Let’s just get one thing straight: A Gin Gimlet is supposed to be made with Rose’s Lime Juice— that famed syrup made from water, high fructose corn syrup, lime juice, sodium metabisulfite, and artificial color. At least, that’s the way it used to be made, the way I first had it, back before using fresh ingredients in bars was what the cool kids did.
And that’s where I ran into some problems. One often-polarizing part of this cocktail renaissance happening right now is the idea that fresh or homemade ingredients make all drinks better. To many it feels plain wrong to put some high-fructose corn syrup in a glass now, but I don’t know if fresh is always better. Personally, I found Gin Gimlets to be pretty delicious with Rose’s. They always had a tart, sour bite that beautifully married icy cold gin and bright, sweet, acidic Rose’s Lime.
Despite my preference, I was one of those bartenders that pushed Gimlets made from fresh lime on my guests in the early 2000s. But, secretly, the drink always dissatisfied me. It lacked that sting of a Gimlet made with Rose’s lime. I spent years tweaking and playing with my recipe, but I never was sold on the allure of the fresh juice Gimlet until I had the good fortune to find myself seated at the bar at Le Lion, in Hamburg, Germany several years ago. The bartender met my companion’s request for a Gimlet with the most perfect, light, sour version made with fresh juice I’d ever had. Fresh was possible.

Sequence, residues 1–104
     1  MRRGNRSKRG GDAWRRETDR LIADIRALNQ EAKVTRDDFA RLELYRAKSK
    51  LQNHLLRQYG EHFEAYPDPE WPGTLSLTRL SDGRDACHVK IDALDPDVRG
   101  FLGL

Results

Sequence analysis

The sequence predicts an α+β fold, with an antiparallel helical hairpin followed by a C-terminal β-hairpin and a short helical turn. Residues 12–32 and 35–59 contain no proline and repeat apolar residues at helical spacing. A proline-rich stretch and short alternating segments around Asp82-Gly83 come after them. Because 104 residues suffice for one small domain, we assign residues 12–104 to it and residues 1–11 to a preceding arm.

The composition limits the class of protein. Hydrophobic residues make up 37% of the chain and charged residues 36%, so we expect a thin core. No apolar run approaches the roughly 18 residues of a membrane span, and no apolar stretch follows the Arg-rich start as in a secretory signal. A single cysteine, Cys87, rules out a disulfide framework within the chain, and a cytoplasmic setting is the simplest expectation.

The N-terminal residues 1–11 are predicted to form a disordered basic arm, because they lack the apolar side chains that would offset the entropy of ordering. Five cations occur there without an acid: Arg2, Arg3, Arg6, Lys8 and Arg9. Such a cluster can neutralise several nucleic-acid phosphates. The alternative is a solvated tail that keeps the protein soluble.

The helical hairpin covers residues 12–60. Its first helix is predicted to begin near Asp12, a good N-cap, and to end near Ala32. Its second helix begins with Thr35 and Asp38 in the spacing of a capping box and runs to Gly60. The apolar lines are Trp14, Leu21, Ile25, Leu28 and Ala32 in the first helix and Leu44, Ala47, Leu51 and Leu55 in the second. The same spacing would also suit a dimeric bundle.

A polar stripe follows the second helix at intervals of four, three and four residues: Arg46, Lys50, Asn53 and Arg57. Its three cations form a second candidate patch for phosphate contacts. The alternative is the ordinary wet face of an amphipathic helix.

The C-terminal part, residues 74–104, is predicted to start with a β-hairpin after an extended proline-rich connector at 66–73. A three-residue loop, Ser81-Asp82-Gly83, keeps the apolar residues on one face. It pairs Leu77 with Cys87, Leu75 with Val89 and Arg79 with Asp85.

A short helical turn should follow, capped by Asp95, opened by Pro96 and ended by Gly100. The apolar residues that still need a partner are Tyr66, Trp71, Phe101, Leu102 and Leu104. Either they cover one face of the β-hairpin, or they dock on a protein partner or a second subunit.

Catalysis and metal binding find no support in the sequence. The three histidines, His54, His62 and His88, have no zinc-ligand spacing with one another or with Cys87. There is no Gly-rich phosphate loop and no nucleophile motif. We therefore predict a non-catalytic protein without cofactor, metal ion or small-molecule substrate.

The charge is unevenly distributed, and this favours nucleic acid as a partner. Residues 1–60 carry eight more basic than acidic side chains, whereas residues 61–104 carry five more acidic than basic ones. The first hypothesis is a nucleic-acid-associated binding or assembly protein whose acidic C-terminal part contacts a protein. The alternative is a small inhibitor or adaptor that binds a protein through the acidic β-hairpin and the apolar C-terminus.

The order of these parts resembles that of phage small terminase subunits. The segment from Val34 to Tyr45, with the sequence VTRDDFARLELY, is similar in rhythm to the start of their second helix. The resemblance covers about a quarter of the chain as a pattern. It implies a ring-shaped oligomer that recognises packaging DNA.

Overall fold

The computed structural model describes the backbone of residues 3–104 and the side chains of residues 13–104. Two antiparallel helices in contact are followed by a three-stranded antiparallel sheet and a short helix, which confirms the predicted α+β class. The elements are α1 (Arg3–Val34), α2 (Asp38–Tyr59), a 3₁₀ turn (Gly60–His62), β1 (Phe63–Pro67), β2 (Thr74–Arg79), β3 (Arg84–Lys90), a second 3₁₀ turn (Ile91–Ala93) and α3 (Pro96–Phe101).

But, try as I did, I never could quite replicate the version I’d had in Germany when I got back to my bar. Until, that is, I discovered a magical Daiquiri recipe by Simon Difford that struck me with its unconventional proportions. Difford’s Daiquiri has a high-octane punch and sour bite of fresh lime barely touched by sugar because this recipe uses a little more rum than what others call for and because there’s more lime juice than simple syrup. Since discovering it, Difford’s has became my staple Daiquiri. And realizing that a fresh juice Gimlet is nothing more than a Daiquiri with rum swapped out for gin, I set about applying Difford’s proportions to my Gimlet. The result was as delicious as my old Rose’s standby. I had found the key to the recipe I’ve tried to unlock for so long.
· 2½ oz. dry gin (I’ve always been a fan of Tanqueray No. Ten)
· ¾ oz. fresh lime juice
· ½ oz. 2:1 simple syrup
Combine ingredients in a cocktail shaker with ice and shake until cold. Strain into a chilled cocktail glass and garnish with a thin lime wheel.
Jeffrey Morgenthaler is the bar manager at Pépé le Moko and Clyde Common, the acclaimed gastropub at the Ace Hotel in Portland, Oregon. He is also author of The Bar Book: Elements of Cocktail Technique.
WHY THE DAIQUIRI IS SO IMPORTANT TO BARTENDERS